In an era in which “value added” has become the battle cry of the foodservice industry, the sauce-products category stands at the ready. Sauces, after all, have been used to add value, interest, texture, and luxurious flavor to foods since long before classical French cooks elevated sauce making to the level of culinary artistry.
Understanding the major categories of sauces how they’re made from scratch, what labor-saving products are available, and what foods they complement gives experts an edge in helping to add value to customers’ menus. For example, just the right sauce added to an ordinary center-of-the-plate item, or to a vegetable or pasta side dish, creates a value-added attraction for which patrons willingly spend more. They leave satisfied that they’ve enjoyed a dish that probably wouldn’t be prepared at home, and the operator nets greater profitability.
Take Stock in Veloute
Like basic white sauce, or bechamel, veloute sauce is generally used as a base for other sauces. Most often served with chicken, fish, veal, or eggs, veloute sauces are stock-based and are thickened with a roux that’s cooked a bit longer, just until it turns a light beige color. Customers preparing veloute sauces from scratch can vary the stocks used to suit different menu applications (e.g., fish stock to prepare sauce to be used on seafood dishes).
Like white sauces, brown sauces and gravies are thickened with a roux of butter and flour cooked together. For brown sauce, however, the roux is cooked until it just begins to turn brown, adding more fully developed flavor and rich color to the sauce.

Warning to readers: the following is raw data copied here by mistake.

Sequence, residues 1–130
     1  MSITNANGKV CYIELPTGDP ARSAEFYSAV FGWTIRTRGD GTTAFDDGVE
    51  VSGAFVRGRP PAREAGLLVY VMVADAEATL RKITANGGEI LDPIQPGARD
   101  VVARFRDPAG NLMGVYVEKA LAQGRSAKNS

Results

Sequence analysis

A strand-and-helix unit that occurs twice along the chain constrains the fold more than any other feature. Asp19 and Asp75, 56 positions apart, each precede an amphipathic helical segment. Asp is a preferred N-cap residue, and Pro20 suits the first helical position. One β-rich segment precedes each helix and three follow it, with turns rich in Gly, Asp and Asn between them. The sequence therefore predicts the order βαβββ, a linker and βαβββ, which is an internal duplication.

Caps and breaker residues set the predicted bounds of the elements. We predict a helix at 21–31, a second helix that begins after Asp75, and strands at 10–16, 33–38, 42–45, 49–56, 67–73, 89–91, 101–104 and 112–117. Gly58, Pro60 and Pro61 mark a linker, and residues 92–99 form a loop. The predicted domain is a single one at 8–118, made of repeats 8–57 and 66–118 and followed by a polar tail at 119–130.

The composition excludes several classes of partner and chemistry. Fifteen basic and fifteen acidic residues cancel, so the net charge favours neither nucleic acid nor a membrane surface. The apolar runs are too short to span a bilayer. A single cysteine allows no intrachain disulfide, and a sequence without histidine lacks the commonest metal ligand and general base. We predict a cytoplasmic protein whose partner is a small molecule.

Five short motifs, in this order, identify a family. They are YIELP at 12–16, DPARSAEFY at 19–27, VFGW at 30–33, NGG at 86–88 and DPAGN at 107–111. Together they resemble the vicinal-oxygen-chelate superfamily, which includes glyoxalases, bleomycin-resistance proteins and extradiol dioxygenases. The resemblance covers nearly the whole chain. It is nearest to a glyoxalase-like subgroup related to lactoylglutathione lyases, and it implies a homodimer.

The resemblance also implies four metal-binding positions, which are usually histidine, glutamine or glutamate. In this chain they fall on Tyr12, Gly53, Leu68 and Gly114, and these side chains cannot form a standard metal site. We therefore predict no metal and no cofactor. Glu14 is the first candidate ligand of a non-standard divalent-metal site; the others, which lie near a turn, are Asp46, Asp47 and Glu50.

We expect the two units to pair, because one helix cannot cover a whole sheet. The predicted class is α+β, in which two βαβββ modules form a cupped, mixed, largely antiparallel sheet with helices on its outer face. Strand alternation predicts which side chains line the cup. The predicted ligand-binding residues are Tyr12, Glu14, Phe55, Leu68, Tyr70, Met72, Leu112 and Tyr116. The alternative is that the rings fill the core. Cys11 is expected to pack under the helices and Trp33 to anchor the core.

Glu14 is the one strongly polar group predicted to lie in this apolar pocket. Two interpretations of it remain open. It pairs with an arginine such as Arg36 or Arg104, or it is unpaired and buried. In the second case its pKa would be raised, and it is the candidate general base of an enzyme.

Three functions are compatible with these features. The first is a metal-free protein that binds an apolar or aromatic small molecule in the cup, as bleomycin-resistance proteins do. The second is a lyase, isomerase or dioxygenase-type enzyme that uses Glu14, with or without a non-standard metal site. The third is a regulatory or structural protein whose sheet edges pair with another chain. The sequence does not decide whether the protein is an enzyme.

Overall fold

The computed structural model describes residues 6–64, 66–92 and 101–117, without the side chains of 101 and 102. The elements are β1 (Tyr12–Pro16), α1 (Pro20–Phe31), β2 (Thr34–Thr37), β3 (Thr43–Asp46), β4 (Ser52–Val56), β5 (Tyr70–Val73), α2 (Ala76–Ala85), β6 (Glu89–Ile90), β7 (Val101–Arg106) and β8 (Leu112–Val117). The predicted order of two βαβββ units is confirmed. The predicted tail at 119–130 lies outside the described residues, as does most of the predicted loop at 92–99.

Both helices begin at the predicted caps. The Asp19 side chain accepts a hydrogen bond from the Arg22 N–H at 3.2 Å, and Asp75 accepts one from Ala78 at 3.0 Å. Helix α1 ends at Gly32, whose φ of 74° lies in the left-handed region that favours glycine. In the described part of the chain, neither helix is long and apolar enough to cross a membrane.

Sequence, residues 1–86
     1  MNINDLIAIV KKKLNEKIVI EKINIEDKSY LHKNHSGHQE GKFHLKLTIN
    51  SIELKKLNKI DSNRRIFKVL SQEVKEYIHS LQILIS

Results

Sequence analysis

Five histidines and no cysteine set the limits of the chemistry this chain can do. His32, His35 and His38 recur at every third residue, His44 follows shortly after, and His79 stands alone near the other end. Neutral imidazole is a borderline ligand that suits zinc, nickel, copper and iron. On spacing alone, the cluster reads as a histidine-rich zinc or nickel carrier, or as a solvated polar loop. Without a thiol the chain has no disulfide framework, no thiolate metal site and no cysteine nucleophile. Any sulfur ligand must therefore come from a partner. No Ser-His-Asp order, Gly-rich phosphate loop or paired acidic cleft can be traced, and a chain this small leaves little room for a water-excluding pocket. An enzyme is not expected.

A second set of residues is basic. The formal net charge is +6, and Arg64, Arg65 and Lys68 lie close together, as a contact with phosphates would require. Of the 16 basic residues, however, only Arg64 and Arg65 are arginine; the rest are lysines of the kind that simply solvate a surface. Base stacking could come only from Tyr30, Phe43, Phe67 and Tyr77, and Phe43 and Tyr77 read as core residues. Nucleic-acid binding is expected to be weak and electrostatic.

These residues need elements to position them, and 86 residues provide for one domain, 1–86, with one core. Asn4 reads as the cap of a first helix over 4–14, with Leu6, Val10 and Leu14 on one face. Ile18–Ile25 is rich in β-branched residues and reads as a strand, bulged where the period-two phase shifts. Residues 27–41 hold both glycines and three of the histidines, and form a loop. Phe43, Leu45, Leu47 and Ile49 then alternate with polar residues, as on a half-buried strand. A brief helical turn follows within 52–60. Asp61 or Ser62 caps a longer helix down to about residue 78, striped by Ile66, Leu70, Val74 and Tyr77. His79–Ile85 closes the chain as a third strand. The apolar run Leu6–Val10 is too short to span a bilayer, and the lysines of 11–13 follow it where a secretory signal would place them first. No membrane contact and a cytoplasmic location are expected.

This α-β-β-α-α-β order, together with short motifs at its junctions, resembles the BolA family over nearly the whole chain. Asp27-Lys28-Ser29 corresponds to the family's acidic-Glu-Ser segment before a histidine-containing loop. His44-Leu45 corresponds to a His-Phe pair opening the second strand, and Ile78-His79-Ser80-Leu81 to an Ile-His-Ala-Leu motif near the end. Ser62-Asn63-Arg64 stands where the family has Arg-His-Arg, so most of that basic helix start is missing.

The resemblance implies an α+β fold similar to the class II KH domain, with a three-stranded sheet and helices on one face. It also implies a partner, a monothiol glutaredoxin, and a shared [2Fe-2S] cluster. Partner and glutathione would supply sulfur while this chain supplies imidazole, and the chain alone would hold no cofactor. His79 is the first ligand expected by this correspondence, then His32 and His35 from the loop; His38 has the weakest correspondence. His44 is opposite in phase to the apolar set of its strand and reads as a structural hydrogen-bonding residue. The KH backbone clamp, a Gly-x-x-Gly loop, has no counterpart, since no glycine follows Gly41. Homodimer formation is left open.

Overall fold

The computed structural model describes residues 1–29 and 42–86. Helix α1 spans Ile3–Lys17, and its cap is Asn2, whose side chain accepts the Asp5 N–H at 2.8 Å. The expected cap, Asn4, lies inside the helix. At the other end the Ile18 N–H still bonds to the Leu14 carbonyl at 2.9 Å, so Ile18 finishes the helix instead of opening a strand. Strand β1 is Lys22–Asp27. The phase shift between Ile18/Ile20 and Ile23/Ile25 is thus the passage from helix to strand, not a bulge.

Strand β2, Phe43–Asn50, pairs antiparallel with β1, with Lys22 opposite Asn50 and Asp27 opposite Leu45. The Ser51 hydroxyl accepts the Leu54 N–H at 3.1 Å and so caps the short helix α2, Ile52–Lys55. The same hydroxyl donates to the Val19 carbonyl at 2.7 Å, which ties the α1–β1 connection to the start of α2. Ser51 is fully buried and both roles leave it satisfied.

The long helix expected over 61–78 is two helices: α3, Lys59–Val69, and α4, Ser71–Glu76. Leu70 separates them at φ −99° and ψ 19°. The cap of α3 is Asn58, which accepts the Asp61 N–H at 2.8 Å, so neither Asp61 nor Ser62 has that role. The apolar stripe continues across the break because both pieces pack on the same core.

In Louisiana cooking, an even darker roux is used; it is cooked until it deepens to a rich red-brown. Liquids commonly used to prepare brown sauces or gravies from scratch are beef and veal stock. As such, brown sauces are best served with dark meats, especially beef and lamb, and duck. They reinforce the taste of the meat and enhance it with additional flavorings. Brown sauces usually are not served with seafood or vegetables. Basic brown sauce can be jazzed up with the following additions:
- Wine, especially a fortified wine such as Madeira.
- Minced fresh herbs (e.g., tarragon, parsley, chives, basil, rosemary).
- Sauteed mushrooms.
- Chopped tomatoes.
For all menu applications, remind customers that sauces should be applied with a light hand. Their primary function is to enhance the appearance and flavor of the foods on which they’re used. Used too heavily, sauces can mask flavors and spoil presentations. One alternative to presenting sauces atop foods is to offer them on the side. Calorie-conscious customers, in particular, appreciate this presentation.
Of all ethnic sauces, the Italian category is the most extensive and represents the biggest volume for many experts. Basic tomato sauces, and their variations, are used in an array of menu items and aren’t limited to Italian restaurants alone. Careful menu analysis will reveal which tomato-based sauces to suggest (e.g., plain, with herbs and seasonings, chunky, with meat or without, smooth, thick, thin, etc.).
Tomato-based Italian sauces are popular with meat and poultry dishes, pasta, seafood, and as dips for appetizers such as deep-fried mozzarella. While delicious alone, tomato sauces can also be mixed with most other sauces to create flavor variations and signature effect. Adding a few tablespoons to basic white sauce, for instance, yields a lovely orange-colored sauce that’s good with fish. A combination of tomato and brown sauce is equally delicious with roast beef, and tomato sauce added to a butter sauce (e.g., Bernaise) is great with steaks, veal, or eggs.
Another popular Italian sauce is Alfredo, a creamy white sauce flavored with Parmesan cheese. The namesake sauce in Fettucini Alfredo, Alfredo can also be served with other pastas as well as with vegetables, seafood, poultry, and egg dishes.